Zack Snyder’s New Short Film Was Shot Entirely on an iPhone

After leaving production on the high budgeted superhero movie, "The Justice League," this year, director Zack Snyder’s been secretly working on a microbudget short film, called "Snow Steam Iron," which he shot entirely on a iPhone 7 Plus. This move is quite the transition for Snyder, who went from directing a multi-million dollar movie to a no-budget short. We’re not saying that it’s a bad move, far from it — the resulting short film looks visually incredible.

The film is about four minutes and you can watch for free now on Vero after you download the app and sign up for an account.

Here’s the synopsis for the short on Vero :

“SNOW STEAM IRON. Snow gently falls on the blood-stained streets of a seedy out-of-time New York City. Steam envelopes the nightmare unfolding within its narrow alleys. Iron is the will of the one who would dare to resist… fight… survive.”

Snyder revealed that he’d been working on the short film last week when he asked “What can you do with you talented friends & family, no money and a weekend?” The film was apparently shot in a few days, with the story of the film being it’s most important aspect.

Using an iPhone to shoot the entire project, Synder was excited by the fact that iPhone cameras are becoming so advanced that they are beginning to blur the line between phone cameras and professional film cameras. “"It's rather phenomenal to consider that we are living in an era where if you treat your iPhone like a movie camera, then it is one,” Synder said. “As someone who is particularly invested in mentoring young filmmakers, I think it is exciting that the technological barriers between them and the realization of their visions is being quickly eroded by amazing products like the iPhone."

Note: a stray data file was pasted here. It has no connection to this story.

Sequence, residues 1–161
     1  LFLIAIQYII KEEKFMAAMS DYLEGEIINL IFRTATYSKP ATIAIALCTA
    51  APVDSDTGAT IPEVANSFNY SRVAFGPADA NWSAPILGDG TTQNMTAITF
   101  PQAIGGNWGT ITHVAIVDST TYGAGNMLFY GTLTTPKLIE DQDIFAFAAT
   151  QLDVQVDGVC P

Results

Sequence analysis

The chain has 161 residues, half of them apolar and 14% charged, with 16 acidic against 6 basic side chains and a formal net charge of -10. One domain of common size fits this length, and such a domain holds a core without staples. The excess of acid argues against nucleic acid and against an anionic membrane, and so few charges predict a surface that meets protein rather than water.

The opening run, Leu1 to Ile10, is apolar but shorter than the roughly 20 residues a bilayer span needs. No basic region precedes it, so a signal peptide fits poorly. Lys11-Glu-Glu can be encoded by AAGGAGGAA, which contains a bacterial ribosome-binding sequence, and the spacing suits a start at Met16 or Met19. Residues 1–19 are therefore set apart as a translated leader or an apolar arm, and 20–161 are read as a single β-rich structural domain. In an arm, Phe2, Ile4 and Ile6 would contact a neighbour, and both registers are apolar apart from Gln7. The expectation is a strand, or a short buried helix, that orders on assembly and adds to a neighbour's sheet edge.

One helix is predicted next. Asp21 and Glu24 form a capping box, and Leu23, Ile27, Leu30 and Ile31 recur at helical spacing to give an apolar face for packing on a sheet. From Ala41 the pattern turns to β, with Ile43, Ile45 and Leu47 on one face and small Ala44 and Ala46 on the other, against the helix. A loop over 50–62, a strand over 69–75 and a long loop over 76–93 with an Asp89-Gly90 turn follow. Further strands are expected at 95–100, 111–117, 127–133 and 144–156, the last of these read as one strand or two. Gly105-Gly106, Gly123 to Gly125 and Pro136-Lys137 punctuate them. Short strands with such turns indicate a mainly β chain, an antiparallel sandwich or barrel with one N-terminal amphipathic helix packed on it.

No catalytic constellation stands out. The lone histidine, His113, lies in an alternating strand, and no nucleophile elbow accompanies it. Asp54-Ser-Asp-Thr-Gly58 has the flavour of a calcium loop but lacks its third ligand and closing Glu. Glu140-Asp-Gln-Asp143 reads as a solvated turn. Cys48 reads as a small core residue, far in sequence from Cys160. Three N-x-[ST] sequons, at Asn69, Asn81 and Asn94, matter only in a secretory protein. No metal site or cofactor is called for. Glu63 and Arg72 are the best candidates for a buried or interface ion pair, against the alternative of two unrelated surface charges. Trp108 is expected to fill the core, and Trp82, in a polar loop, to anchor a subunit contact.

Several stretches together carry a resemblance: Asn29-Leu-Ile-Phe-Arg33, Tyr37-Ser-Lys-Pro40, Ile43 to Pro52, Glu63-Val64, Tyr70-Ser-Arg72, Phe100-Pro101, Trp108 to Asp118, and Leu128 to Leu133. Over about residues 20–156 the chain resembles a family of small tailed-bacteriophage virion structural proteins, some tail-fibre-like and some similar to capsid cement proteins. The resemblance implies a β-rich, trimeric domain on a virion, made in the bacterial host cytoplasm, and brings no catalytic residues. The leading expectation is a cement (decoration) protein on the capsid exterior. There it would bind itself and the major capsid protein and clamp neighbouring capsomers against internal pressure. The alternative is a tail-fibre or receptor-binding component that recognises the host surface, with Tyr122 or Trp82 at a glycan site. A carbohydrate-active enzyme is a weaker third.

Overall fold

Films like "Snow Steam Iron" proves that you don’t need to have expensive equipment to make good-looking films anymore. Phone’s cameras have become so advanced that anyone can achieve high-quality looking footage if they know how to.

Sean Berry
Sean Berry
Sean Berry is Videomaker's managing editor.

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